Calculus is designed to explore topics in differential and integral calculus. Though students will study many of the same topics as they would in AP Calculus AB, the pace of this course is not as intense in order to allow time for review and depth in mastery. Limits are used to develop the derivative concept, and rules are established for finding derivatives of several classes of functions. Applications in differential calculus are studied including graphing, related rates, and optimization investigations. The fundamental theorem of calculus is applied to develop the integral concept and integration is used in solving area, volume, and accumulated change problems. Graphing calculators will be used frequently.
AP Calculus AB – year course
Calculus AB is an advanced placement course with an equal focus on differential and integral calculus. The concept of the derivative is defined, and rules are established for finding the derivatives of elementary functions. Derivatives are used to graph functions, and applications are made to optimization, related rates of change, and the motion of an object along a line. The definite integral is defined and evaluated using the fundamental theorem of calculus. Applications of definite integrals include finding the area under a curve, volumes of solids of revolution, the distance traveled by an object moving along a line, and accumulated change. Students conclude the year by taking the Advanced Placement test, which may qualify them for college credit.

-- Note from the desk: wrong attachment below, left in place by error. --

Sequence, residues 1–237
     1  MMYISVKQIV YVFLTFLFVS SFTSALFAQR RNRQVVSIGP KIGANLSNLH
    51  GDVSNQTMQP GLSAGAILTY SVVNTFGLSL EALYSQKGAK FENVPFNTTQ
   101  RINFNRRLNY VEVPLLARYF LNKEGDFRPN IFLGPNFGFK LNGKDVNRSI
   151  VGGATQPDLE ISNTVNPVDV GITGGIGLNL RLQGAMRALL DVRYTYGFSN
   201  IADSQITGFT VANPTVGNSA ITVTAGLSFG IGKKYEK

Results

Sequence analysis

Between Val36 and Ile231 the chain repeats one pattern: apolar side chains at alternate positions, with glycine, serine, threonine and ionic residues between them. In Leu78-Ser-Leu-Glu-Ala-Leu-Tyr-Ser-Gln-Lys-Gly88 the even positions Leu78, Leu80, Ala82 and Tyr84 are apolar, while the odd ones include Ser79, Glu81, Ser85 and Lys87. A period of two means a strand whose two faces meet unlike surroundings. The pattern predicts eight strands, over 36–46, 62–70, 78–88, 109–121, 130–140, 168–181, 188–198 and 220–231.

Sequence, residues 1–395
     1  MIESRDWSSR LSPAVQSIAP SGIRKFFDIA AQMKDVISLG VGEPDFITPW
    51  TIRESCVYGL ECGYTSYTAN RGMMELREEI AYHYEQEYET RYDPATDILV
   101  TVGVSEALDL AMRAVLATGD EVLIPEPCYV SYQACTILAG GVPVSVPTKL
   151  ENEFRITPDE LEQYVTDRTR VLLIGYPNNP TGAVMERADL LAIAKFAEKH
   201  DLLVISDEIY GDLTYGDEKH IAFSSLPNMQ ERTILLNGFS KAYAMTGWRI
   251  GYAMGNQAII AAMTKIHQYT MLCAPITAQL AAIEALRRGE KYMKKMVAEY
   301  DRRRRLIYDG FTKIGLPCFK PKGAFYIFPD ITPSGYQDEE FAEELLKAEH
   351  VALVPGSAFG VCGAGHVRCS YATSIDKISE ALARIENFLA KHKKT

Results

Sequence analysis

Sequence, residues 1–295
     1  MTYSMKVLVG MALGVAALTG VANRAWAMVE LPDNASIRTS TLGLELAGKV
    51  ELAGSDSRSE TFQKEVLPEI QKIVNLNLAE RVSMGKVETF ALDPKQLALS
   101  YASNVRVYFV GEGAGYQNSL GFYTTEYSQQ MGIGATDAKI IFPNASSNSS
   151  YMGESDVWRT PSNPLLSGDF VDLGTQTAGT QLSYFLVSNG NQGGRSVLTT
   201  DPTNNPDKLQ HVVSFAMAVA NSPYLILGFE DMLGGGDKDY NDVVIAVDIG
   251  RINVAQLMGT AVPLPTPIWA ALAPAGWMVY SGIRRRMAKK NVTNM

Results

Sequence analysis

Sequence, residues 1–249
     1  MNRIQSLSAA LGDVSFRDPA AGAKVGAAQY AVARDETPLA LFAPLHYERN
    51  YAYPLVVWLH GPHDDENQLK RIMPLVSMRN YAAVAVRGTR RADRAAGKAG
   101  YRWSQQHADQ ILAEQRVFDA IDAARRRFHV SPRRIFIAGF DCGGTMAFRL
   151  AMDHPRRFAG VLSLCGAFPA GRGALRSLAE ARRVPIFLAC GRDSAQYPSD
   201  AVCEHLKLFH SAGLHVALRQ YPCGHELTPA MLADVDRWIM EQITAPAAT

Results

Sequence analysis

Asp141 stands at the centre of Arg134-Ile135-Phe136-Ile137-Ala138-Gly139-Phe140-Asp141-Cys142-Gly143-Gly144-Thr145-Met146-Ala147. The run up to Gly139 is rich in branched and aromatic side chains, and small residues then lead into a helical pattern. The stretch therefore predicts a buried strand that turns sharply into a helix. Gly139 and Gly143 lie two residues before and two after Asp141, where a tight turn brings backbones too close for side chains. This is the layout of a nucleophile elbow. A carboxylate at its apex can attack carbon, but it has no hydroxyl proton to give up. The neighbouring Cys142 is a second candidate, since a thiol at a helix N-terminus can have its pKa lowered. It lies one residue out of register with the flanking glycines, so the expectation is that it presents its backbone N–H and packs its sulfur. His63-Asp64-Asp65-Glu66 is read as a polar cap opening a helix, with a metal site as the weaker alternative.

AP Calculus BC – year course
Calculus BC is an Advanced Placement course that builds upon the foundation established in Calculus AB. Differential and integral calculus concepts are reviewed, and applications are explored at a more rigorous level than in Calculus AB. Numerous new integration techniques are introduced. Solutions to differential equations are approximated using Euler’s Method. The calculus of parametric equations is applied to motion in two dimensions. Students calculate the area between curves using integration in polar coordinates. They apply a variety of methods to determine the convergence or divergence of an infinite series. Students then create and analyze power series, in the form of Taylor and Maclaurin series, to represent transcendental functions. Students conclude the year by taking the Advanced Placement test, which may qualify them for college credit.
Statistics (with AP option) – year course
Statistics and AP Statistics cover the fundamentals of statistical analysis and their applications to real world data. The year begins with a focus on core concepts, such as graphing, summarizing data, and working with statistical models. Throughout the second half of the year, these topics will be revisited in different contexts to practice producing and evaluating data. Students will use technology (graphing calculators and spreadsheet generators) to aid in and strengthen their statistical analysis. Students choosing to enroll in the AP option will be held to higher standards of depth and mastery through differentiated quizzes, tests, and projects and will also be required to take the AP Statistics exam in May.